Parts of a Circle: History of the Karabakh Conflict (film review)
"Parts of a Circle: History of the Karabakh Conflict", the documentary jointly prepared by Conciliation Resources and a group of journalists and experts from Azerbaijan and Armenia, has finally been released online, having already triggered vivid discussions both within the expert community and general public. At the Topchubashov Center, we have watched the film several times to make an impression as full as possible, and deliver an informed opinion.
First of all, we would like to emphasize that “Parts of a Circle” is probably the first documentary that explicitly aims at unfolding political narratives of the Nagorno-Karabakh conflict throughout the long and tumultuous road its parties have walked since 1988. It has a clear chronological layout, establishing the timeline of the major events during the initial stage of the conflict, the military phase and the exhausting and fruitless negotiation process. Moreover, the whole story of the conflict is represented as a gradual evolution of the parties, their views of each other, goals and normative perceptions. Each hallmark – the emergence of the Karabakh committee, a skirmish in Askeran, the Sumgayit riots, the expulsion of the ethnic groups suddenly turned enemies (Azerbaijanis from Armenia, Armenians from Azerbaijan), Black January and a brief spell of direct Soviet administration over Nagorno-Karabakh, the outbreak of an interstate war in 1992, as well as the post-ceasefire conferences and negotiation rounds – is portrayed through the prism of personal stories and simultaneously tries to demonstrate how exactly they shaped the stances of the conflicting parties.
Thus, “Parts of a Circle” strikes a fine line between the political and personal approaches to the story. The documentary has done a tremendous job in reaching out to an unprecedented number of people of all kinds, from former heads of states, ministers, diplomats and military commanders to common political activists, refugees and victims of the conflict. Some episodes it covers have very rarely, if ever, been presented to a broad viewer. For example, unlike many other reports and articles that usually forget or ignore the case of Azerbaijanis expelled from Armenia, this documentary covers this expulsion as part of the broader context of the Karabakh conflict that predates the exodus of the Armenians from Azerbaijan. In the first blood episode, Vitali Balasanyan from the Armenian side acknowledges that the Azerbaijani mob was unarmed during the initial confrontation in 1988 while the Armenians had guns. It was then, in this inter-ethnic clash when two Azerbaijani youngsters got killed, paving way to more blood and deaths. In the Shusha episode, we see how the former Armenian statesmen (President Levon Ter-Petrosyan and Foreign Minister Vahan Papazian) admit using the important negotiations brokered by Iran to protract the conflict settlement and cover an offensive on the Azerbaijani-populated town.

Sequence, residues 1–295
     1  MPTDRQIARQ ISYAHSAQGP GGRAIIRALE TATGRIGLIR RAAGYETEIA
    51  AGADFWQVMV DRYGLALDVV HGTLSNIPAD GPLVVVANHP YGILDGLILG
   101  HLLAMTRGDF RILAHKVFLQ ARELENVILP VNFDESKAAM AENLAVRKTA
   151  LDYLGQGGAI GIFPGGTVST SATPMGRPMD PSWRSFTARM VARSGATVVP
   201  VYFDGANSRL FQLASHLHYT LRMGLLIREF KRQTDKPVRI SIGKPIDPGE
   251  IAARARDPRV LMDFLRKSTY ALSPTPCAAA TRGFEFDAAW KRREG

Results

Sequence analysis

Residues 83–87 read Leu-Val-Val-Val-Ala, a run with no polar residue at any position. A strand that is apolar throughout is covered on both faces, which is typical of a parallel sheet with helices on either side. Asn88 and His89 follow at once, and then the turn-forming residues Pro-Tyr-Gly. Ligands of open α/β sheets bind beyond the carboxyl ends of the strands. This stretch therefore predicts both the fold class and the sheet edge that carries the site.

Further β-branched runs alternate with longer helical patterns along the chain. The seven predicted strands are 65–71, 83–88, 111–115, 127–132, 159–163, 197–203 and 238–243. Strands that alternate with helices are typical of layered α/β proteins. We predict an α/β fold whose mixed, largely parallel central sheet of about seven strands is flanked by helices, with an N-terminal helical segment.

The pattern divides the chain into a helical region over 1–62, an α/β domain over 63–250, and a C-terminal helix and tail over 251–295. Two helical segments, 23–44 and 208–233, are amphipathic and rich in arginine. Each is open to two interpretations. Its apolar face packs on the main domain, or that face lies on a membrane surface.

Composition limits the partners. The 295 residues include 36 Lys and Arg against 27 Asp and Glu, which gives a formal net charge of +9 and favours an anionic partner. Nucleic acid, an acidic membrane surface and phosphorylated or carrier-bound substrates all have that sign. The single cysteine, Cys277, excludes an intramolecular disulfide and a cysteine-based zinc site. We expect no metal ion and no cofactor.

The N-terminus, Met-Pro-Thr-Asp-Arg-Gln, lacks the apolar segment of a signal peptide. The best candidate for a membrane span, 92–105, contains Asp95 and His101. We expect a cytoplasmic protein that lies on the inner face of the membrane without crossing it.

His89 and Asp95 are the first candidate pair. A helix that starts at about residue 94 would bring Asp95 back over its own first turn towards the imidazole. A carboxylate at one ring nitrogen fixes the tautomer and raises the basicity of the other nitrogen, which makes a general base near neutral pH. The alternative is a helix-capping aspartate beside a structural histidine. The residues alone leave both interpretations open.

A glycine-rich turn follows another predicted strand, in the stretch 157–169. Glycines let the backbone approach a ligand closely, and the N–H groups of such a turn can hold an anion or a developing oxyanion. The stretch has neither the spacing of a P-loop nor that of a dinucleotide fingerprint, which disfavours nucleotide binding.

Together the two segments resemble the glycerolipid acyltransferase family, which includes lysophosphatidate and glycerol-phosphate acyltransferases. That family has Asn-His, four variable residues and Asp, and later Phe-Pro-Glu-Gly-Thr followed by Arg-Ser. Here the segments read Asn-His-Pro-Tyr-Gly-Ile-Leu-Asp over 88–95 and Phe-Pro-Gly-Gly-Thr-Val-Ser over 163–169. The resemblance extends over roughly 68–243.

However, the major achievement of the team of creators, in our view, is the demonstration of certain narratives that have only been explored by a number of researchers and this far remained surprisingly absent from the broad discussion. The first of them is the dynamics of the Moscow-Baku relationship during the years of the active phase of the conflict. Whereas in general Azerbaijanis have held a belief that the Soviet, and later Russian, governments unequivocally supported Armenian claims, the true story was much more complex. Moscow’s position had changed several times, while support provided by the leadership of the Azerbaijani SSR to the central government during the referendum on preservation of the USSR induced Moscow to extend its full-fledged military support to Baku. However, a strategic mistake was made when Azerbaijan’s first president Mutallibov sided with the Soviet hardliners who attempted to commit an ultimately failed coup d’etat, precipitating the final collapse of the USSR and the shift of power in Moscow to democrats who as a result would take a much more pro-Armenian position.